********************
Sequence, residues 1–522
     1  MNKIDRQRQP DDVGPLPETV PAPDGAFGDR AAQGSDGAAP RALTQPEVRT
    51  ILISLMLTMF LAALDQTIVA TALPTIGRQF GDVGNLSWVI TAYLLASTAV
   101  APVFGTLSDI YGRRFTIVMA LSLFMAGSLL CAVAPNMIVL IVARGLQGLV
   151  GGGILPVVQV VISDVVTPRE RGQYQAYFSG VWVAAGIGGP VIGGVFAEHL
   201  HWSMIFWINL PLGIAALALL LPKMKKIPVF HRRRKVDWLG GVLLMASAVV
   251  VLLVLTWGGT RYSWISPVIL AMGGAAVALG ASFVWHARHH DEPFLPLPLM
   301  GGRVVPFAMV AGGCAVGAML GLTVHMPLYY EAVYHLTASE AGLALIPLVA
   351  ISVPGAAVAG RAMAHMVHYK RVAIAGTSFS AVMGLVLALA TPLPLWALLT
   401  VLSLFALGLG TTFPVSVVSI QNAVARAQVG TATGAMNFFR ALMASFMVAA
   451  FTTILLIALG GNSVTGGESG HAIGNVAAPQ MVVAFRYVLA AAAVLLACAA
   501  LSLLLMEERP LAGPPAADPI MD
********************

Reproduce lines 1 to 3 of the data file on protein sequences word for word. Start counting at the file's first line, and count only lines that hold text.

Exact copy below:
Sequence, residues 1–522
     1  MNKIDRQRQP DDVGPLPETV PAPDGAFGDR AAQGSDGAAP RALTQPEVRT
    51  ILISLMLTMF LAALDQTIVA TALPTIGRQF GDVGNLSWVI TAYLLASTAV